501(c)3

 

Why are foodways important?

Foodways is the study of what people eat and why. Why we procure, prepare and serve the food we do has cultural, sociological, geographical, financial and political influences.

 

 

Why is recognition of diverse foodways valuable?

Preserving our past and present for the future by research, documentation and oral histories. It is culinary anthropology on the hoof, paw, root and leaf.

 

 

Follow Greater Midwest Foodways via:
Facebook
Twitter
Flickr
Vimeo
Join our E-mail list

Contestant, Illinois State Fair, 2014

 

Greater Midwest Foodways Alliance

FAMILY HEIRLOOM RECIPES

Picnics and Family Reunions

 

Illinois State Fair

August 8, 2014

 

Contestant

 

 

chicken dumplings illinois state fair greater midwest foodways alliance

(Image by Catherine Lambrecht)

 

 

Aunt Pearl's Chicken and Dumplings

Carol Meadows, Springfield, Illinois

 

My husband was blessed because he came from a family of good cooks. I was blessed because they took me under their wings and showed me how a little bit of this and a little bit of that would change a bland recipe into something unforgettable.

 

Every year the "Meadows" held a family reunion in Dix, IL. A small town that was just a blink off the interstate.

 

The Meadows family loves to eat and so the women would show up with their signature dishes. Everyone knew you had to get everything you wanted on the first pass through because there was no going back for seconds because everything would be gone.

 

One of the main dishes everyone looked forward to was Aunt Pearl's Chicken and Dumplings. Aunt Pearl was married to Uncle Lee. Uncle Lee always had a twinkle in his eye and a smile on his face. Aunt Pearl always had a smile on her face and a hug for everyone we loved them both.

 

One of the main dishes at the reunion was Aunt Pearl's Chicken and Dumplings. Uncle Lee would joke about being first in line so he was guaranteed some of the chicken and dumplings. If you were unfortunate enough to be the last person in line it would be iffy that there would be any dumplings left. They were always the first to go. Aunt Pearl used the largest pot she had and it was filled to the brim. When she was asked why she didn't make more she laughed and told everyone that was the largest pan she had in the house.

 

One of the main discussions was trying to figure out how Aunt Pearl made her dumplings because they were always so light and fluffy. For years the rest of the family would make chicken and dumplings but they never tasted like Aunt Maude's.

 

One year I finely decided to ask her for her "Chicken-and-Dumpling" recipe. I remember she gave me a hug and laughed like it was a great joke. She described how she cooked the chicken and made the broth. She finally got to the dumpling part and laughed when she told me the dumplings were biscuits. She said Uncle Johnnie came home one evening and wanted chicken and dumplings for supper. She knew she did not have the time to make dumplings so she used the biscuit dough she had mixed for supper. Uncle Johnnie liked them better than her homemade dumplings so after that she always used her biscuit dough recipe. She said she would mix up the biscuits and instead of rolling the dough out she dropped the dough into the chicken broth. She laughed and said if she was in a real hurry she could use canned biscuits.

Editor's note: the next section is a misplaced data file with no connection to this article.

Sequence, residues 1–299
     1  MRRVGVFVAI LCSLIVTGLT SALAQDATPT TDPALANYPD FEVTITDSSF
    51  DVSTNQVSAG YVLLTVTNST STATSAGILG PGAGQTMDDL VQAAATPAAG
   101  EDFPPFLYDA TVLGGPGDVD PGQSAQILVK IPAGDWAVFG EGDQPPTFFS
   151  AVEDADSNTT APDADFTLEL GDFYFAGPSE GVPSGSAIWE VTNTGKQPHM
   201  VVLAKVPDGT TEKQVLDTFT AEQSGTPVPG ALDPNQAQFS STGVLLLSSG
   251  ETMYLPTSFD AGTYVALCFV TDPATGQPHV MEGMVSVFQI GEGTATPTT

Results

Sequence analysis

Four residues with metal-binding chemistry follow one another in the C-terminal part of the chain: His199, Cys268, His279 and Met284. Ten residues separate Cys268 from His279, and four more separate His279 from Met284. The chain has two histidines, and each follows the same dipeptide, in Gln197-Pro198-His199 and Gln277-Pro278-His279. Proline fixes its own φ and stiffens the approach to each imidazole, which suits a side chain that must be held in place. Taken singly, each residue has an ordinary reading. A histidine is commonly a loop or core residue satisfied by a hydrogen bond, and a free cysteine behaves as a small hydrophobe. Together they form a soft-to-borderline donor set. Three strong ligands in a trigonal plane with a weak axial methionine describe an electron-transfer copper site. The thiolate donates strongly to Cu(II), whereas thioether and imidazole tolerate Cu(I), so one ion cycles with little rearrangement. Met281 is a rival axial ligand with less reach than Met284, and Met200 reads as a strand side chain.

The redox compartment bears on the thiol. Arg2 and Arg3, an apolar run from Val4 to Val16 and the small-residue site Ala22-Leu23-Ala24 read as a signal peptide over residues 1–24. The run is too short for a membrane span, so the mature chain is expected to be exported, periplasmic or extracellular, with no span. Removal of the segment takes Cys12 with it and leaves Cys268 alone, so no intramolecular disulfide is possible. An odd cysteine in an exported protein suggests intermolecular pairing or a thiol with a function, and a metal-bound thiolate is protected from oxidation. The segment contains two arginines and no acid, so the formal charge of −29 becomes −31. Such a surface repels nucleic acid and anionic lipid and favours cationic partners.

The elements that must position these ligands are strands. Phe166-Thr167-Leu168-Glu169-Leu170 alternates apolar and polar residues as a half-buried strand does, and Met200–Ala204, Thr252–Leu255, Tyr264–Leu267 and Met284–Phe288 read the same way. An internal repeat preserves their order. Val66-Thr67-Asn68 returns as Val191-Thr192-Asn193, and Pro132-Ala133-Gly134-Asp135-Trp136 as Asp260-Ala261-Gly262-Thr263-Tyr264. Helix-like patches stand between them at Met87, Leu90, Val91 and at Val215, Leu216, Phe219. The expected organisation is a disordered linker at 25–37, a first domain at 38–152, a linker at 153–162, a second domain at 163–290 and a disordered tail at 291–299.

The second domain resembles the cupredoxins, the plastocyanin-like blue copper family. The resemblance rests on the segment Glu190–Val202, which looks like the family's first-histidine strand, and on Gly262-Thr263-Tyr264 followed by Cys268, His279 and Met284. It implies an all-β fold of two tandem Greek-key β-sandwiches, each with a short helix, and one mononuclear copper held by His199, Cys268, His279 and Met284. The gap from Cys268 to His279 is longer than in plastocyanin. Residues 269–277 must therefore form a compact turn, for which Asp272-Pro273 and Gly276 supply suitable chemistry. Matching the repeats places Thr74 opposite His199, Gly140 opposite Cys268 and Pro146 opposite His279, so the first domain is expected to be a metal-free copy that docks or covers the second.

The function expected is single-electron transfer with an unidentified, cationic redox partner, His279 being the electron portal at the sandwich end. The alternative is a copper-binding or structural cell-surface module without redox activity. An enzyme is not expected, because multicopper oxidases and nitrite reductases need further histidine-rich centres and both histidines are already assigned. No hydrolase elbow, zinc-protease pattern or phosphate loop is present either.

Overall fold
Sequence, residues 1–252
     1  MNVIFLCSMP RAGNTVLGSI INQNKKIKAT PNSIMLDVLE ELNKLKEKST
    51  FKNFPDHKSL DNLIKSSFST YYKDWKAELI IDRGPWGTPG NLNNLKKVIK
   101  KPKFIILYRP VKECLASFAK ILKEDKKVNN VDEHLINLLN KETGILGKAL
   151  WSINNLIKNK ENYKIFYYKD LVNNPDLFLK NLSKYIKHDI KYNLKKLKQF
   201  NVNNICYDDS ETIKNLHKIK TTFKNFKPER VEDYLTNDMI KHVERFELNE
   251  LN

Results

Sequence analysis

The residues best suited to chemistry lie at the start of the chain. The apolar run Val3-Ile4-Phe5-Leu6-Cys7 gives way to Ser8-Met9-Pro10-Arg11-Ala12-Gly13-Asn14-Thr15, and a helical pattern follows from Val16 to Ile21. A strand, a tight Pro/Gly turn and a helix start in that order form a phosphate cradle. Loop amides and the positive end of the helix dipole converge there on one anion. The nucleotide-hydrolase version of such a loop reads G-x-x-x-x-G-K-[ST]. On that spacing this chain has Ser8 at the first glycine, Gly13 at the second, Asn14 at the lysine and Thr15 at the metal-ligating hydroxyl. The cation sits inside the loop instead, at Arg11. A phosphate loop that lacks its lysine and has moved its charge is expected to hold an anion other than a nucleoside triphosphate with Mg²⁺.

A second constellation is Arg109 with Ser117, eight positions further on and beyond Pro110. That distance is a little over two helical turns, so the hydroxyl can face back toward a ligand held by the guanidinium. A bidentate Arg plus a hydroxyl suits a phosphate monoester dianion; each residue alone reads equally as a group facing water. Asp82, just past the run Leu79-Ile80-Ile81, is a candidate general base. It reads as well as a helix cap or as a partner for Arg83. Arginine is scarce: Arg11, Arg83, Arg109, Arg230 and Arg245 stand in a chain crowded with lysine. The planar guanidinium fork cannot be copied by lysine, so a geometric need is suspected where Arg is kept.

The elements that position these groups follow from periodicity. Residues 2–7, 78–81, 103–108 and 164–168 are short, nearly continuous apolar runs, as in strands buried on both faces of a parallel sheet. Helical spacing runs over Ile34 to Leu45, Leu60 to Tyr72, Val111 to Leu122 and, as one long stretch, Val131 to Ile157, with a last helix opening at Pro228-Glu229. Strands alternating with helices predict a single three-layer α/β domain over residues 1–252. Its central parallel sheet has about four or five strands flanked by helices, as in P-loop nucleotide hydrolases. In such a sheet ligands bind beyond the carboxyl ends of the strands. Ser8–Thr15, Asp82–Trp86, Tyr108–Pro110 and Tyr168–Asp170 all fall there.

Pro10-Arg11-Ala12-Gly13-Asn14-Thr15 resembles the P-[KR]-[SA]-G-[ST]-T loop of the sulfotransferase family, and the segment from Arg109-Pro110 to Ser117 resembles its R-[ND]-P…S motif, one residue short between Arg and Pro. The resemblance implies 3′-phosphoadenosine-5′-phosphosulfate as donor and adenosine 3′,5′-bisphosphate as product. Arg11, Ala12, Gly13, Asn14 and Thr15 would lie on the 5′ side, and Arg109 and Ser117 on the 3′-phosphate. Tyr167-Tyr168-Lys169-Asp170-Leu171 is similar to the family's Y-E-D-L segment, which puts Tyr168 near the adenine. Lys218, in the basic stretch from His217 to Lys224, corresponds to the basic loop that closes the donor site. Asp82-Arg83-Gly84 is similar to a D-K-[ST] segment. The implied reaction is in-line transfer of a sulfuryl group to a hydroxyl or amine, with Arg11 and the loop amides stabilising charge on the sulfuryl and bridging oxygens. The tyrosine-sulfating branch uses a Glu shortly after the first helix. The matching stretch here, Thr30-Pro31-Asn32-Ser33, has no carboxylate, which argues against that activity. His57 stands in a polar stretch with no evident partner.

She said you just had to pop the roll open cut each biscuit into four pieces and drop them in the broth.

 

We now had the recipe!

 

 

Aunt Pearl's Chicken and Dumplings

Carol Meadows, Springfield, Illinois

 

Aunt Pearl and Uncle Lee are both gone now. But I have great memories every time I make Chicken and Dumplings (Biscuits).

 

Ingredients for Broth:

 

I Chicken Cut Up or 3 Chicken Breasts

1/4 Cups Carrots Grated

1/2 White Onion Finely Chopped

1 Rib of Celery Grated

1 1/2Teaspoon Poultry Seasoning

1/2 Teaspoon Sage

8 Bouillon Cubes

4 Cups Water Enough to Cover the Chicken

3 Cups Water (For extra liquid for dumplings)

 

In a large pan place the chicken, carrots, celery, onion, poultry seasoning, sage, 6 bouillon cubes, and 4 Cups Water. Cook over high heat and bring to a boil. Reduce heat to simmer and cover and let cook for an additional 20 minutes. In a smaller pan add the 3 cups water and 2 bouillon cubes and bring up to a boil and reduce to simmer. Use the 3 cups water for additional liquid for the dumplings if needed.

 

 

Dumplings: Biscuits

 

1/4 Cup Shortening

2 Cups Flour

3 Tablespoons Baking Powder

1 Teaspoon Salt

3/4 Cup Milk + 1 Tablespoon

1/2Teaspoon Rubbed Sage

 

While the chicken is cooking you mix the biscuits. In a mixing bowl cut shortening into the flour, baking powder, salt, and sage. Once the shortening is cut into the flour add the milk and mix until you have sticky dough. The 1+ Tablespoon is used if the dough is dry. Remove chicken from the pan and shred into fine pieces. Set chicken aside. Turn the pan up to medium or medium high heat. Start adding the biscuit dough a tablespoon at a time into the boiling chicken broth. Make sure your stir the pot occasionally to keep the biscuits separated. Cook uncovered for 10 minutes cover and cook for 10 more minutes. Add the chicken back into the pot and gently stir to incorporate the chicken with the dumplings. Serve hot with biscuits.